WHERE TWO OR THREE ARE GATHERED IN MY NAME, THERE AM I IN THEIR MIDST. When Saint Basil provided direction for groups of serious Christians around the year 380 AD, he gave importance to the human need to live in community. AThe human person >anthropos= is not a solitary,=monastikos=. Only in community, by close, personal association with others, can we humans so develop as to live a life worthy of our nature, and of our call. Later on, Basil=s teaching in fact was adopted by men and women who came to be called monastics >monastikoi= and giving a new meaning to the word that is still used today. Monks and nuns are members of a community; even though they live a life of solitude, yet they are not solitary in the sense of being isolated. Just as married persons share their goods and their interests in large part, so also do monastics join with others with whom they share not only goods but also their interests and beliefs. This communal dimension of the spiritual life is based on nature, and has been reinforced by the words of Jesus that we have just heard in today=s Gospel. “Where two or three are gathered in my name, there am I in their midst.”


Our Lord’s words apply, of course, not only to those men and women who live in religious communities, but also to the faithful who are married. Marriage, as the Church teaches, is a sacrament, a joining together of a man and woman that is blessed by God. When it is done in the name of Jesus, in compliance with his teaching, both partners relate to God in a new way; they are consecrated not only to one another, but also to God. Their children come to share in this consecration that is completed by their baptism. All who put their faith in Jesus as the risen Lord come together with one another, in fact. Saint Paul stresses this truth of faith, giving prominence to the doctrine of the Mystical Body of Christ. The essence of this teaching is that Christ Jesus died and rose for all, and in doing so makes of those who believe in him members of his intimate circle. Much as the many cells of the human body in their varied operations, function as a single whole in the service of the whole person, so are the members of Christ united as to form a single person, united in the Spirit whose indwelling makes us one body.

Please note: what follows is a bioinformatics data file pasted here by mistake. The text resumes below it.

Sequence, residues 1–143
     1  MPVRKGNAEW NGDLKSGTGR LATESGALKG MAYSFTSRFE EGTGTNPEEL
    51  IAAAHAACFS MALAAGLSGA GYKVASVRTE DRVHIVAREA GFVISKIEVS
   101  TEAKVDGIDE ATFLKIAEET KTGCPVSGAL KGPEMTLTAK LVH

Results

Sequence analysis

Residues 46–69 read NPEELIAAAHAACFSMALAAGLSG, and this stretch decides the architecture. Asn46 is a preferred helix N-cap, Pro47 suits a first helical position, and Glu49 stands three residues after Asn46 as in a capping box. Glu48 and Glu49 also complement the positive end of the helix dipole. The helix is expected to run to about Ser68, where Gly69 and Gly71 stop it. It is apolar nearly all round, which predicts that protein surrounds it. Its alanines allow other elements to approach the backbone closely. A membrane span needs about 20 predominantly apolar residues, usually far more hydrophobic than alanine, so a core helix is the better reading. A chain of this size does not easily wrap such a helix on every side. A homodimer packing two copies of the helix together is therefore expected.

Saint Augustine developed this teaching further, giving it elaborate expression and broad application in his preaching and writings. Above all in commenting on the Psalms, which from the time of our Lord himself formed the basis of Christian prayer, the Bishop of Hippo indicated how intimately the faithful Christian is united with our Lord, so that our inmost aspirations and our most personal desires participate in the praise and intercession of Jesus himself. In one of his commentaries he states the case in these terms:


This Psalm is spoken in the person of our Lord Jesus Christ, both head and members. He is the head, we the members. Not without good reason then, his voice is ours and our voice is also his. Let us then listen to the Psalm and recognize in it the voice of Christ.              

For this truth of our faith to find adequate expression in our lives we must take it into our heart and see that we apply it to our life. There is nothing automatic about our faith; it has never been sufficient to give verbal expression to our belief; we must activate it and respond to its requirements. Whether living in a monastery or in the world, whether married or single, we must daily strive to live out our conviction that we belong to God in Christ, and consequently to one another. If our prayer is united with the prayer of Jesus even now as we come together in this Eucharistic service, we must come prepared for a participation that expresses what is deeply present in our heart. To engage in such prayer presupposes a way of life that includes daily personal prayer, meditation on the word of God, holy reading and a serious study of our faith. If we are to take seriously this fundamental truth that we are members of Christ, united with one another we will strive to avoid all those harmful associations and activities that are in conflict with his words and example. We must renounce useless and worldly occupations and employ our time and energy in the service of the mystical body, and find ways to witness to the truth of the Gospel for the sake of our fellow members and for gaining those who are not yet believers.


Jesus’ assurance that he is here present in our midst as we come together in common prayer is at once a source of strength, and an invitation, even a demand that we commit our self to a way of life that witnesses to his presence among us and his continuing concern for us all. By making this program our own here and now we truly give glory and thanks to God for his love and gracious gift. This is the meaning and purpose of our presence here at this Eucharistic celebration.      


Abbot John Eudes Bamberger